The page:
Acquisitions. On May 24, 2012, Apollo and other investors acquired EP Energy Global LLC for approximately $7.2 billion. We also incurred approximately $330 million in transaction, advisory, and other fees, of which $142 million was capitalized as debt issue costs and $15 million as prepaid costs in other assets on our balance sheet. The remaining $173 million is reflected in general and administrative expense in our income statement. The acquisition was funded with approximately $3.3 billion in equity contributions and the issuance of approximately $4.25 billion of debt. In conjunction with the sale, a portion of the proceeds were also used to repay approximately $960 million outstanding under predecessors revolving credit facility at that time. See Note 7 for additional discussion of debt. The purchase transaction was accounted for under the acquisition method of accounting which requires, among other items, that assets and liabilities acquired assumed be recognized on the balance sheet at their fair values as of the acquisition date. Our consolidated balance sheet presented as of September 30, 2012, reflects our estimated purchase price allocation based on available information. The following is the estimated allocation of the adjusted purchase price to specific assets and liabilities assumed based on estimates of fair values and costs. There was no goodwill associated with the transaction.
The unaudited pro forma information below for the quarter and nine month periods ended September 30, 2012 and September 30, 2011 has been derived from the historical consolidated financial statements and has been prepared as though the acquisition occurred as of the beginning of January 1, 2011. The unaudited pro forma information does not purport to represent what our results of operations would have been if such transactions had occurred on such date.
Divestitures. Our 2012 divestitures primarily related to the sale of our Egypt interests for approximately $22 million and the sale of oil and natural gas properties located in the Gulf of Mexico for a gross purchase price of approximately $103 million. Proceeds from the Gulf of Mexico sale net of purchase price adjustments were approximately $79 million. These sales represent an exit from our Egyptian exploration activities and our Gulf of Mexico operations. We also sold other domestic oil and natural gas properties for approximately $14 million. We did not record a gain or loss on any of these sales as the purchase price allocated to the assets sold was reflective of the estimated sales price of these properties. During the nine months ended September 30, 2011, we sold non-core oil and natural gas properties located in our Central and Southern divisions in several transactions from which we received proceeds that totaled approximately $570 million. We did not record a gain or loss on any of these sales.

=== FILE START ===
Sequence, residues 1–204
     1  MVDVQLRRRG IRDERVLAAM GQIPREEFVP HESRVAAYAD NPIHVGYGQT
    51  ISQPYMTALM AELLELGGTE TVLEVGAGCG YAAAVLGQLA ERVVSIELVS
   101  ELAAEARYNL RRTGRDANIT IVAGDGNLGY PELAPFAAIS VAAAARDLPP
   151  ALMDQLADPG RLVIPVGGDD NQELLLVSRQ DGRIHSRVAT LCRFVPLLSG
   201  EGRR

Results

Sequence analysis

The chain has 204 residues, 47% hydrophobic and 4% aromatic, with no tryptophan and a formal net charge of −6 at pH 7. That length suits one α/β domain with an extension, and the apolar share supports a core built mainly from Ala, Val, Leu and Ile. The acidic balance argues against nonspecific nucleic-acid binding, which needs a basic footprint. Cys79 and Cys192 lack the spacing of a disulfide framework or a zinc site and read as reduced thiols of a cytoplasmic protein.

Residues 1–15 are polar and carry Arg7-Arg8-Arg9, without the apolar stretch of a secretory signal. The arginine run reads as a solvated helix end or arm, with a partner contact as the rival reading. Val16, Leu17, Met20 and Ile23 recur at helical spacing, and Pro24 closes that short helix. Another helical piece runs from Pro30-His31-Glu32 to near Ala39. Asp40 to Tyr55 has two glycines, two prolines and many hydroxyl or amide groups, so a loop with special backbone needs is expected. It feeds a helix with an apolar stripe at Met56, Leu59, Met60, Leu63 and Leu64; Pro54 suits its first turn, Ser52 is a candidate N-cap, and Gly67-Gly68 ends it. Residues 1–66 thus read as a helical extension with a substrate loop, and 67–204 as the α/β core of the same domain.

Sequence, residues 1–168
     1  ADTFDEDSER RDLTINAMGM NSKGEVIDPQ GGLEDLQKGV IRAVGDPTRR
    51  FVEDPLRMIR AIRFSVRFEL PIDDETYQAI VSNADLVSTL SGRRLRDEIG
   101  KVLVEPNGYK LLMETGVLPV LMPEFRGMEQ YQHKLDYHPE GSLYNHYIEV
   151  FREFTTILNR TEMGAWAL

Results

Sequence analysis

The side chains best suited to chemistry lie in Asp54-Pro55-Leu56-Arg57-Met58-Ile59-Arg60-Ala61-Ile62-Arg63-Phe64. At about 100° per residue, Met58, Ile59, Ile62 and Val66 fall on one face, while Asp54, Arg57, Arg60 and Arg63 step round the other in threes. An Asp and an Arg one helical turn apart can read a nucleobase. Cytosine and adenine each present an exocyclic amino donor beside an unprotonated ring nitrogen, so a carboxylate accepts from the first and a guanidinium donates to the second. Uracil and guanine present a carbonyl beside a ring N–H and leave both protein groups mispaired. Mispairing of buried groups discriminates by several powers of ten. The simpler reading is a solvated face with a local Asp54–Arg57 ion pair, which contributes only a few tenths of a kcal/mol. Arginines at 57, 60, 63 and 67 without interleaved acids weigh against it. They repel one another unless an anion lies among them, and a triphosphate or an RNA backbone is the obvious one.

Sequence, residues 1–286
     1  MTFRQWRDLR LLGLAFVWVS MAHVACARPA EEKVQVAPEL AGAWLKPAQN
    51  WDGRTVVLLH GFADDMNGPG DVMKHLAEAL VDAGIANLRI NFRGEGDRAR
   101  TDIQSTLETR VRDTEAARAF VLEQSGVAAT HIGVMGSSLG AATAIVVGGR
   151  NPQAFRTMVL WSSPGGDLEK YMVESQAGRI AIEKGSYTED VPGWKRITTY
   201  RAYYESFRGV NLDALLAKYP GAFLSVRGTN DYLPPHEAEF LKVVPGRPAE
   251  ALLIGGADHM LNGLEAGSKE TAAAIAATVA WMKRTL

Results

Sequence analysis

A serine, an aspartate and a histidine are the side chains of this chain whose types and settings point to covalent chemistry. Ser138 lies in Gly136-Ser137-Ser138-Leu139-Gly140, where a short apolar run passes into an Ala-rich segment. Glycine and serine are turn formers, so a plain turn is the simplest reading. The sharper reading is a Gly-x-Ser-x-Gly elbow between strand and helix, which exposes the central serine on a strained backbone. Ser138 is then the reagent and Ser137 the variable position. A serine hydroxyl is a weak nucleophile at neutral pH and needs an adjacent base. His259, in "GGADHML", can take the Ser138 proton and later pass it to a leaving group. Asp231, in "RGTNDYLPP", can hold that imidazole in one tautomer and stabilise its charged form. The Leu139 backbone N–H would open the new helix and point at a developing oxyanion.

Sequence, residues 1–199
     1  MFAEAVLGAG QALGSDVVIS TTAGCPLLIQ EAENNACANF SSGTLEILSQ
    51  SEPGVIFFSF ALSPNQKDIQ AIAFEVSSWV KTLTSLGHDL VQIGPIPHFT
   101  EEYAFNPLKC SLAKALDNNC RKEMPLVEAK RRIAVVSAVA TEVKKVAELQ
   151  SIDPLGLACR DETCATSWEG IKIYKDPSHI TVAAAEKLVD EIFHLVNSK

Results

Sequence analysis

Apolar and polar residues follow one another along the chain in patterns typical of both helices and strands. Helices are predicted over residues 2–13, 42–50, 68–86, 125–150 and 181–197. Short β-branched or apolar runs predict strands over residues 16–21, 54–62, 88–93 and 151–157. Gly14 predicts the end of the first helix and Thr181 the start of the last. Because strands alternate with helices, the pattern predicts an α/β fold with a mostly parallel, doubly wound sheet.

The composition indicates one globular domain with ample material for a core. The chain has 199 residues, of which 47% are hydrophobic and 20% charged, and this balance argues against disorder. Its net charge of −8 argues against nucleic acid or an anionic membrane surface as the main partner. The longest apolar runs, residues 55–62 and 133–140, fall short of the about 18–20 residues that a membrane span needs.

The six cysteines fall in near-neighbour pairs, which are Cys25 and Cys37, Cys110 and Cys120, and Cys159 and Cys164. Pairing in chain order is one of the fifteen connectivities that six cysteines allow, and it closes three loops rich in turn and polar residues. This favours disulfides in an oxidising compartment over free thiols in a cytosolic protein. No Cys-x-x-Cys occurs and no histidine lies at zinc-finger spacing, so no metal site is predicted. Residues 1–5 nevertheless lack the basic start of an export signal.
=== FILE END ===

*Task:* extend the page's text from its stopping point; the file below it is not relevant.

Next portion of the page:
3. Impairments/Ceiling Test Charges
Under the full cost method of accounting, the predecessor conducted quarterly impairment tests (ceiling test) of capitalized costs in each of the full cost pools. During the first quarter of 2012, we recorded a non-cash ceiling test charge of approximately $62 million as a result of the decision to exit exploration and development activities in Egypt. The charge related to unevaluated costs in that country and included approximately $2 million related to equipment. During the quarter and nine months ended September 30, 2011 we recorded ceiling test charges of approximately $152 million related to our Brazil oil and natural gas operations. For the predecessor quarterly and year to date periods ended September 30, 2011, we also recorded an impairment of certain oil field related equipment and supplies of $6 million.
For the successor period from inception through September 30, 2012, we have not recorded any impairments under the successful efforts method of accounting for our oil and natural gas properties. Forward commodity prices can play a significant role in determining impairments. Due to the current forecast of future natural gas prices and considering the significant amount of fair value allocated to our natural gas properties with the purchase of the company, we could be required to record an impairment of the carrying value of our proved properties should future prices decline from current levels. For the period from inception to September 30, 2012, we recorded an impairment of inventory (materials and supplies) of $1 million.